We had a few folks meet us from Baton Rouge for this trip so we met them at the boat dock at 2 o’clock bayou, just off of hwy. 190.
There are so many different types of paddlers, some like to see how fast they can paddle, some like to see everything they come across and some are in between. It can be challenging for some folks when there is a mix of all these types fortunately, this particular group of folks were all meanderers. They were quiet and took the time to see their surroundings, no one was in a hurry.
It was a very relaxing paddle where we saw map turtles, painted turtles and sliders to name a few. We saw great egrets, great blue herons, little blue herons and snowy egrets. He heard and saw a whole host of songbirds like northern parula, yellow-billed cuckoo and prothonotary warbler. There were also a few frogs calling like bronze frog, green treefrog and northern cricket frog. We only saw one snake and it was a diamond-back water snake, a non-venomous snake, often mistaken for the cottonmouth, which is our only venomous water snake. Some of the non-venomous water snakes in Louisiana would include the banded water snake, diamond-backed water snake, common water snake, green water snake, yellow bellied water snake and let’s not forget the salt marsh snake, mud snake and the two crayfish snakes.
Personally, I like to find snakes so that I can photograph and identify them. However, I have not been able to find every one of these snakes in Louisiana as of yet, even though I spend a large amount of my time looking for them when I am outdoors. That was just to let you know that they may be around but you unlikely to find them, even when looking for them.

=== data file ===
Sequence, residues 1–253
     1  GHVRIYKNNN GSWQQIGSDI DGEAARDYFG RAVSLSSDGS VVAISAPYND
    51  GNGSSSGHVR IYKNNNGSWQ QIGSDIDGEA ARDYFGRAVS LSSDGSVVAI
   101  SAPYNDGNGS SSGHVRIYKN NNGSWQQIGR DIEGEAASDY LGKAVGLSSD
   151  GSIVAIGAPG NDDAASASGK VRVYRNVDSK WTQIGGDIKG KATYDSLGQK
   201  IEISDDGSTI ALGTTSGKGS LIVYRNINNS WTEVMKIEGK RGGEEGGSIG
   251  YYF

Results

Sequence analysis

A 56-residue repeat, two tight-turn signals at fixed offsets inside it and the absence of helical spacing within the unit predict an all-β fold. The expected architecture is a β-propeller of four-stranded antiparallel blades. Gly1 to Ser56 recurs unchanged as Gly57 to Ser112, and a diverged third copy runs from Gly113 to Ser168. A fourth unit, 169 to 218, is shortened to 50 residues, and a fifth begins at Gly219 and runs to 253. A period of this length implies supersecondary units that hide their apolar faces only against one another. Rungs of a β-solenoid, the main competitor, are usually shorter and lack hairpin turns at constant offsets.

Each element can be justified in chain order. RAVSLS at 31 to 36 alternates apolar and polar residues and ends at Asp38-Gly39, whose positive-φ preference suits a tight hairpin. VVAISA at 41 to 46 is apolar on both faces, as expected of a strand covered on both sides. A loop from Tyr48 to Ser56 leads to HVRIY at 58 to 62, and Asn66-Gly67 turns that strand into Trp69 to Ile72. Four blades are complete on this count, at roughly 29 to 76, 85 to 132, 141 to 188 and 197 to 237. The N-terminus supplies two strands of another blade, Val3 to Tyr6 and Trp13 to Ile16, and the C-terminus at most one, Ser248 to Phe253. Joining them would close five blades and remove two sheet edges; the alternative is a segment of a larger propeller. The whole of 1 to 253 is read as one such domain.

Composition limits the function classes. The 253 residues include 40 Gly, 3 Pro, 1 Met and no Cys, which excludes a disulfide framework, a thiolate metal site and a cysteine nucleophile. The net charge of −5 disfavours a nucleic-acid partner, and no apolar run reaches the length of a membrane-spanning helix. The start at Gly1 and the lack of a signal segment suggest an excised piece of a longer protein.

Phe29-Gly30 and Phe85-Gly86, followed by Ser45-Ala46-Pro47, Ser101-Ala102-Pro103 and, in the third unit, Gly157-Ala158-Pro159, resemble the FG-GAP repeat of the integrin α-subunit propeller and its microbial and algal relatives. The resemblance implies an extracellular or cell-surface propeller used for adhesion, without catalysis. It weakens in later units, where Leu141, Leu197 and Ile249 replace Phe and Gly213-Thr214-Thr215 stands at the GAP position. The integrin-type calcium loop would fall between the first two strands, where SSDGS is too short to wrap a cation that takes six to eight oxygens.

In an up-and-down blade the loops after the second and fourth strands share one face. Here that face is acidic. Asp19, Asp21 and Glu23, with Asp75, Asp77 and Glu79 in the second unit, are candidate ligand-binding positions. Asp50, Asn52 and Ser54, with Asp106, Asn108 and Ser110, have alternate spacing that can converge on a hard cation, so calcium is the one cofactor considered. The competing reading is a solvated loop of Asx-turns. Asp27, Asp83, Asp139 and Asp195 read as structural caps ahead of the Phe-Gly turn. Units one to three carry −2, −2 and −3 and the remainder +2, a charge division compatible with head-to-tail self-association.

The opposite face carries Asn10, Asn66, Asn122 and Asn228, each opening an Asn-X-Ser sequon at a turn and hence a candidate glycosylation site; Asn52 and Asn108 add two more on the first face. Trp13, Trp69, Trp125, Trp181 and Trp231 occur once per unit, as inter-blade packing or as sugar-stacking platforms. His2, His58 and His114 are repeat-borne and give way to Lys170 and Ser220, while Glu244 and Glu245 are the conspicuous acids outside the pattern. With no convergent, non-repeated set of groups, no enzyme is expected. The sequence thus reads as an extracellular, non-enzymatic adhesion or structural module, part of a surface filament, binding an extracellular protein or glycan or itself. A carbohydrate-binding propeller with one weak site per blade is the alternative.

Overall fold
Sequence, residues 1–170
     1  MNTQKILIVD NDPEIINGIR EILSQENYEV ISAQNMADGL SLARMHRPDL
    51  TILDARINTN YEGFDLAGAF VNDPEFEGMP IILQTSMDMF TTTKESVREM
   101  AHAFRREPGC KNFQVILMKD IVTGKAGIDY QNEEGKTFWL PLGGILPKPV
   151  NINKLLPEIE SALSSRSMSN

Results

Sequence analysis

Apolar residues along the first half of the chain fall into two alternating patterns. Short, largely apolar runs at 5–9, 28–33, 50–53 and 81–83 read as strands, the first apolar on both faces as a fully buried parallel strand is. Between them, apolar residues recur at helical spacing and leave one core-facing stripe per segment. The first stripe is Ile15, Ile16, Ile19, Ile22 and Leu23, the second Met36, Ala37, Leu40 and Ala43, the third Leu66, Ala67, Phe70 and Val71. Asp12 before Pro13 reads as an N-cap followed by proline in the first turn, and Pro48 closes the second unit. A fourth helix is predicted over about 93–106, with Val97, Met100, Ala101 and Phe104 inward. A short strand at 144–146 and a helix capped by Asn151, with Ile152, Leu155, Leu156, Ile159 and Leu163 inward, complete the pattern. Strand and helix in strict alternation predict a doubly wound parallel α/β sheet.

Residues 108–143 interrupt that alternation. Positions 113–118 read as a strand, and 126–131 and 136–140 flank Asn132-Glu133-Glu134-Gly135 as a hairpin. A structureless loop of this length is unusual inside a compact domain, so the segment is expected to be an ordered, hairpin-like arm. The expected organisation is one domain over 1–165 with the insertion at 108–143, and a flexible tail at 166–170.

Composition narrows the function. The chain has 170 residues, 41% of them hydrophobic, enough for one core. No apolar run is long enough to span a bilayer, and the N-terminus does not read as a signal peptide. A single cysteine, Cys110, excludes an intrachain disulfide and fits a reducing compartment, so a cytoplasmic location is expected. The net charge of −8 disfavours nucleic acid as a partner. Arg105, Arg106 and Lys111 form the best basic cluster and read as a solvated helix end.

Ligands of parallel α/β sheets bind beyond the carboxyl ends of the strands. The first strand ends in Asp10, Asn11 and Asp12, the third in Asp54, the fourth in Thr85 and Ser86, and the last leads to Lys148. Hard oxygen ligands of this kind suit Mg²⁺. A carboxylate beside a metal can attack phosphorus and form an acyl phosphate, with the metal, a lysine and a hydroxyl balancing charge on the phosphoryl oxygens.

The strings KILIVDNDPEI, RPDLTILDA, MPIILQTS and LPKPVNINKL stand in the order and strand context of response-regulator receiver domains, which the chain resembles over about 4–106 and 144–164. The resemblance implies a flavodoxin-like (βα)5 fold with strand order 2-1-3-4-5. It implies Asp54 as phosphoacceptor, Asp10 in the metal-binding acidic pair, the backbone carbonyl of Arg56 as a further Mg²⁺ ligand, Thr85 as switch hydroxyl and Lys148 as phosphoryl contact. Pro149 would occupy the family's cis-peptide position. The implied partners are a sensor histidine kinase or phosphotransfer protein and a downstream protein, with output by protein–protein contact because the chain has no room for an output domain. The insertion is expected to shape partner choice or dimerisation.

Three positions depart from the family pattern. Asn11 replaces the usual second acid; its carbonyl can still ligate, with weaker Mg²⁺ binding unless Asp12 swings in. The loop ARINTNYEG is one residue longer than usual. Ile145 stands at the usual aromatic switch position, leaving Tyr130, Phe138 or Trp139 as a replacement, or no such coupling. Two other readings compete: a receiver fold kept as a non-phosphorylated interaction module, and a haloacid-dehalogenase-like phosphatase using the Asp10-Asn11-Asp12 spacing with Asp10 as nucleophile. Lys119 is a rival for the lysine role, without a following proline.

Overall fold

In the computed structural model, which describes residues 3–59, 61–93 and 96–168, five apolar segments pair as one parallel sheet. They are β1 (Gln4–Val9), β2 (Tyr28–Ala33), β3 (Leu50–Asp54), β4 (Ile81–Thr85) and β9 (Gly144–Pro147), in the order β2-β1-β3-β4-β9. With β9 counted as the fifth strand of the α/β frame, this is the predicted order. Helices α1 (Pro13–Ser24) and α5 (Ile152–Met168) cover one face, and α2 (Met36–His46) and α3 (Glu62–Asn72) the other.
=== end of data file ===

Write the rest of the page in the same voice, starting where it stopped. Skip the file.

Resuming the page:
Another thing we saw on this trip which was unusual was an enforcement agent for Wildlife and Fisheries. He came upon us and asked if we had life preservers, I said yes everyone is wearing one. He asked if we were fishing to which I said no. We chatted a little bit and he was on his way looking for fishermen. He said as he was driving down 190 he saw a few boats at the landing and decided it was worth stopping to be sure everyone was following the law. There were an unusually large amount of fishermen this day.
We had greeted them as we paddled through the cypress. The cypress in this little waterway are quite spectacular. They are rather old and hollow, which saved them from being logged a century ago. This is a good paddle in the summer because of the tree canopy providing shade. Shady waterways aren’t always easy to find and if you are going to paddle in our summer months, you might want to know where they are. Another one is the north paddle trail at Chicot State Park.
We had lunch on the water, thanks to Hub City Diner, then made our way back to the boat launch. It was a wonderfully relaxing paddle with some nice folks and I’m happy we all got out on the water together.
-Stacey Scarce, Trip Leader